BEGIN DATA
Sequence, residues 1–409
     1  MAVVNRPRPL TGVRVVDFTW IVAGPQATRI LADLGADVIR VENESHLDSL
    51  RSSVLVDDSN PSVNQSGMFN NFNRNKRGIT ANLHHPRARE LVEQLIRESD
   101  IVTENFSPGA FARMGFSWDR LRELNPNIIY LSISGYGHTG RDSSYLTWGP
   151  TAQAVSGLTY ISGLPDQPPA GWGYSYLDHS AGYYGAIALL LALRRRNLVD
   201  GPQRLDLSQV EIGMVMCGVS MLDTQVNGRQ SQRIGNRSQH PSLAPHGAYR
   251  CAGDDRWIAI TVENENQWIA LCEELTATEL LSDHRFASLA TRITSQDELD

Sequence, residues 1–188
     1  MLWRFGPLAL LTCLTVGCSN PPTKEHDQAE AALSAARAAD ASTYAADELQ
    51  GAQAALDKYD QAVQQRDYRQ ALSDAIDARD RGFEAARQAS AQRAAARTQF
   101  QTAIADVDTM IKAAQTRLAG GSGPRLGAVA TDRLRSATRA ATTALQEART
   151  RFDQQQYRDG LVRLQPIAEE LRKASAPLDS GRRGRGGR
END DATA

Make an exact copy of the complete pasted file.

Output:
Sequence, residues 1–409
     1  MAVVNRPRPL TGVRVVDFTW IVAGPQATRI LADLGADVIR VENESHLDSL
    51  RSSVLVDDSN PSVNQSGMFN NFNRNKRGIT ANLHHPRARE LVEQLIRESD
   101  IVTENFSPGA FARMGFSWDR LRELNPNIIY LSISGYGHTG RDSSYLTWGP
   151  TAQAVSGLTY ISGLPDQPPA GWGYSYLDHS AGYYGAIALL LALRRRNLVD
   201  GPQRLDLSQV EIGMVMCGVS MLDTQVNGRQ SQRIGNRSQH PSLAPHGAYR
   251  CAGDDRWIAI TVENENQWIA LCEELTATEL LSDHRFASLA TRITSQDELD

Sequence, residues 1–188
     1  MLWRFGPLAL LTCLTVGCSN PPTKEHDQAE AALSAARAAD ASTYAADELQ
    51  GAQAALDKYD QAVQQRDYRQ ALSDAIDARD RGFEAARQAS AQRAAARTQF
   101  QTAIADVDTM IKAAQTRLAG GSGPRLGAVA TDRLRSATRA ATTALQEART
   151  RFDQQQYRDG LVRLQPIAEE LRKASAPLDS GRRGRGGR